Flexibility means being willing to adapt to the current situation. For me, this meant trading many ideals for reality, specifically the one involving dinnertime. As I mentioned before, I’d always imagined my husband would be home for dinner, and he is on the weekend, but with his hours being what they are, I have had to learn how to enjoy dinner as the only adult at the table.

This is a challenge for me for a couple of reasons: One, it’s the end of the day. Everyone is emotional due to being tired and hungry (but not for what I made for dinner naturally). Two, because I’m not a natural enforcer. I’d rather the tiny humans run the show while I go hide in my room.

Simple Solutions

Please tell me some of this has resonated with you. Maybe you aren’t in the aviation world but maybe you have had to face your dinner demons (and no I’m not referring to kids).

Obviously, there is nothing we can do about the schedule of our spouse or the children’s attitudes (although, a certain someone does spend a lot of time in his room in the evening because of his behavior). But there are a few things we can do to streamline dinner and keep our cool so we can focus on training our kids.

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  1. Prep meals ahead of time. Even though this idea has been around for a while, I have just started doing it and let me tell you it has been a game changer! I fought it for so long on the simple basis of not having energy after grocery shopping. But now that I do grocery pick up (thank you Walmart!!) I have time and energy on grocery day to prep some meals ahead of time. Because of this, I don’t have to spend most of every evening in the kitchen making dinner. So I can focus on my kiddos during ‘witching hour’. Generally after prepping meals, I have dinner either in the oven or completely ready in under 20 minutes! Not on;y is time saved before dinner, it saves time after dinner as there aren’t as many dishes to do. This means more time to play with the kids when dinner is over, and it means I have more time to relax after they are in bed. (woot! woot!)
  2. Don’t be afraid of prepackaged meals. Healthy living is all the rage these days. Mothers across America are dividing themselves into groups: Crunchy v. Non-Crunchy. Leading to mom-shaming those who do things differently. While I try to lean on the crunchy side and make good healthy meals for my kids, I’m also a big fan of fast and easy, especially on those days where everything is crazy and I forgot to defrost dinner. So don’t let pinterest scare you or make you feel guilty. You do whatever it takes to get your children fed and keep your sanity in the process.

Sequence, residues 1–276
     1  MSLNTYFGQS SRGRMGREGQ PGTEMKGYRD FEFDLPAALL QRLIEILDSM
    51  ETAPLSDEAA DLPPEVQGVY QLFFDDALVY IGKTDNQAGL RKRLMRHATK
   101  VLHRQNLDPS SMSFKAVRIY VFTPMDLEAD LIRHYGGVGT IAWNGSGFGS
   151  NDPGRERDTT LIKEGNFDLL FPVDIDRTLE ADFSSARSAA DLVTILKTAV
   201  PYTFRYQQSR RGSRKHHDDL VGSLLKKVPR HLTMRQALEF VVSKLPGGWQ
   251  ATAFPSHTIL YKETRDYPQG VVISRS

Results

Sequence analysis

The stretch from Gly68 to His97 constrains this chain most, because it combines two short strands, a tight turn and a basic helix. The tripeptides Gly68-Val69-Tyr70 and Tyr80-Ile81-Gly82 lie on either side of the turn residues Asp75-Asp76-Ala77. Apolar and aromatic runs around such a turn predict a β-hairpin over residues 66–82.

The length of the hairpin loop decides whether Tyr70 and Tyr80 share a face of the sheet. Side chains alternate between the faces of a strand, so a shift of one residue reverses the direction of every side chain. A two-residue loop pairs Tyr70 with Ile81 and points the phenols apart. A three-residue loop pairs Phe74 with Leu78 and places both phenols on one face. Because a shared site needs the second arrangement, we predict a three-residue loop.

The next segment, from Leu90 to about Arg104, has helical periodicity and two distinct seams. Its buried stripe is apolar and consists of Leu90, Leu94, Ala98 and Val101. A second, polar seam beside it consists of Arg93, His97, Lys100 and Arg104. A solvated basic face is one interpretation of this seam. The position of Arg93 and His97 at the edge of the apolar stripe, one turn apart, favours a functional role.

3. Be Strong. I am a people-pleaser by nature and run from conflict any chance I get. So when I have to face evenings without Paul S. and spend all of dinner arguing with my three year old, I get very frustrated very quickly. I have to remember Paul M’s apparent hatred of the meal I prepared is not personal. It’s just not what he wanted and so he’s throwing a fit. I have to remember that, as his mother, it is my job to care for him body and spirit and sometimes that means going against my natural tenancy to run away and teaching him what behavior is acceptable at the table.

Abundant Grace

Even if you’ve tried these things and they haven’t worked for you, I hope you have found comfort in knowing you aren’t alone this. I also hope you don’t think that my evenings are starting to look like the fairytale image I once pictured. Far, FAR from it. Just this evening, my kids got into the pantry and dumped black pepper EVERYWHERE putting my plans on hold. But on those days where I’m exhausted and lose my temper, I always come back to the promise God made to Paul in 2 Corinthians.